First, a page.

Genetic Diversity in Cheetahs


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Post by biostudent84 » Thu Dec 23, 2004 7:22 pm

As a general rule, but by no means absolute, it can be said that the more K-selected an organism is, the more genetic diveristy is required for healthy offspring. It is mostly due to the genetic timeline in the organism. In humans, who for the past 300,000 years have bred with only humans, little has changed in their genetic makeup. Therefore, diversity in mating is necessary to keep overall diversity high. In Mendel's plants, "brother" and "sister" plants were able to breed with little complications. Plants that he studied were of R-selected origin, and therefore undergo great genetic change over "short" periods of time.

Phew! There's your ultimate cause. Now for the proximate cause:

The more advanced the chromosomal structure is in the nucleus of a cell, the more difficulty they encounter when trying to recombind with chromosomes of the same parent. Simply put, a brother and sister human will have a very difficult time getting their chromosomes to combine, since they are at least half identical anyway. Simple organisms, like flies, would have significantly less trouble...after all, they only have 4 chromosomes.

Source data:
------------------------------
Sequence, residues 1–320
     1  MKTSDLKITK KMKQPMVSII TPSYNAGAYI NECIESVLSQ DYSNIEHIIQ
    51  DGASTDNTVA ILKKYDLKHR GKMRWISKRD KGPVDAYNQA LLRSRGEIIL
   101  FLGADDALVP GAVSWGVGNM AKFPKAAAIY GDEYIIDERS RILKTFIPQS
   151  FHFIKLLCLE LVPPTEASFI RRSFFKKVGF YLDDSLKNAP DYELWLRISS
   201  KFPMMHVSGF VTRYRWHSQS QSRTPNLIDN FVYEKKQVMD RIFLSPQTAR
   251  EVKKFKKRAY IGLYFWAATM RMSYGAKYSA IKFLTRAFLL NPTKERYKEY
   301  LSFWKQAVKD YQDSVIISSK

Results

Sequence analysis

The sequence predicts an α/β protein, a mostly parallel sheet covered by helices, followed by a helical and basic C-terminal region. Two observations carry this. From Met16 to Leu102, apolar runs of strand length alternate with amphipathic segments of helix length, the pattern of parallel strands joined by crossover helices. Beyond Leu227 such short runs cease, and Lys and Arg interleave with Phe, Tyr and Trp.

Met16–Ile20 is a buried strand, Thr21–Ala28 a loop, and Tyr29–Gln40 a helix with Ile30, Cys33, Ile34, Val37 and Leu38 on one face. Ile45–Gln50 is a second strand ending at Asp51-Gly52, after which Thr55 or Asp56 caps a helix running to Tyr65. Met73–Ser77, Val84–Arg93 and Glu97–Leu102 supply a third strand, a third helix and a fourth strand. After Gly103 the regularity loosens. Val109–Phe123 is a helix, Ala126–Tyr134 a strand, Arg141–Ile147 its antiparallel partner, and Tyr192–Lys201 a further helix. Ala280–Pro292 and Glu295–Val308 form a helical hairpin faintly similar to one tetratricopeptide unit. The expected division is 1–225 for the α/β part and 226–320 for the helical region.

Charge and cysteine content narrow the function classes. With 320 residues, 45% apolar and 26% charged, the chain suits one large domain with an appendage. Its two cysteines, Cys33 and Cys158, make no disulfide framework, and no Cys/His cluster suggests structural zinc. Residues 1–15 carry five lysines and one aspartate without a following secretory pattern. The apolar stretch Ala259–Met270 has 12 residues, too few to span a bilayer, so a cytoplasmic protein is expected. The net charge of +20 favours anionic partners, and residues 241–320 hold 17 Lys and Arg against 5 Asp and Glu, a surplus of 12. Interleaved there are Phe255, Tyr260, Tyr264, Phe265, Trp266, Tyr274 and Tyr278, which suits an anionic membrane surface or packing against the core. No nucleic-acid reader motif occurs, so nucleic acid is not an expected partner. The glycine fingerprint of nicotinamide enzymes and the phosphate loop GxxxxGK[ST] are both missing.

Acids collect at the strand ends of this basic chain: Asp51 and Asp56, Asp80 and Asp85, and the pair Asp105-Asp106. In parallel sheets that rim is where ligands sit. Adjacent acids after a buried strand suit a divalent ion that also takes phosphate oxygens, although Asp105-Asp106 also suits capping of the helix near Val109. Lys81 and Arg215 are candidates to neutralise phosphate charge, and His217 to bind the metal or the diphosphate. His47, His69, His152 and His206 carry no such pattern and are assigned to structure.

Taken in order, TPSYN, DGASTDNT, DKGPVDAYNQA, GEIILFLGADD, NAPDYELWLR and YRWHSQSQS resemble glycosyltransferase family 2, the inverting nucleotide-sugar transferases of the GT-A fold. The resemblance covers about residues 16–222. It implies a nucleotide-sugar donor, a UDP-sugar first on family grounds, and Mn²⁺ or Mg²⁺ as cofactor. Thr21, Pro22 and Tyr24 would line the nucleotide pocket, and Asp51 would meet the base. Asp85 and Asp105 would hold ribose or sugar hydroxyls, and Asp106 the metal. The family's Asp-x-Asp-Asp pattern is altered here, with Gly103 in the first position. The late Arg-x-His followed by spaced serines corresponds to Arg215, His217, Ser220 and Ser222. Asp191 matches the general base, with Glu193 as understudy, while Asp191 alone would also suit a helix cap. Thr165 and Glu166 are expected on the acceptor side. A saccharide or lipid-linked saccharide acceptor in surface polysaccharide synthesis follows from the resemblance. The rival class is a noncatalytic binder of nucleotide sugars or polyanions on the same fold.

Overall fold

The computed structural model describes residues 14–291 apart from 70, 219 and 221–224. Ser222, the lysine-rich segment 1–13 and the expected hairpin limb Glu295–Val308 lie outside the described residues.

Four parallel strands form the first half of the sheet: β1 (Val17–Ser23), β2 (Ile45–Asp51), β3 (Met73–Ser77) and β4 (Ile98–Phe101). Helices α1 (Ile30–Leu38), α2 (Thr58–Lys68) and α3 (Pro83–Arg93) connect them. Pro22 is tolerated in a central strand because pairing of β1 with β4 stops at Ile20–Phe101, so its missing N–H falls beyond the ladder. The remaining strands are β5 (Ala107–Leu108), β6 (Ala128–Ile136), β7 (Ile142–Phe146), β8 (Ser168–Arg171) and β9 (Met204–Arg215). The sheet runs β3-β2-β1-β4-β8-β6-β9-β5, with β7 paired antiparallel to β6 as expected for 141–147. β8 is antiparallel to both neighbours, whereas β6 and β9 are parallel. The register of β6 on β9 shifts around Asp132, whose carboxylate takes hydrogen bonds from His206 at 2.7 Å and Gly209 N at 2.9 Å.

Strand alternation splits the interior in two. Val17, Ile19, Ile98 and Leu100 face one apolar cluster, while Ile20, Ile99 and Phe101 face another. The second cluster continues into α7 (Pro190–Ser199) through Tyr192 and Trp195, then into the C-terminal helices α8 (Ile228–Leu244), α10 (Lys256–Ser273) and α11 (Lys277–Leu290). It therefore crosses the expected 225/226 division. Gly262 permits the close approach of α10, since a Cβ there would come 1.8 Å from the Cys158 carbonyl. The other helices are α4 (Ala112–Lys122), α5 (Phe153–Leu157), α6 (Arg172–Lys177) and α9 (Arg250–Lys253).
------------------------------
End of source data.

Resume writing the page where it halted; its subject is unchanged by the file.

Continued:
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Post by Inuyasha » Mon Jun 13, 2005 12:40 am

bring it back. I though since there was interest in Cheetahs why not bring it back to the original cheetah discussion.
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pronounced tiger

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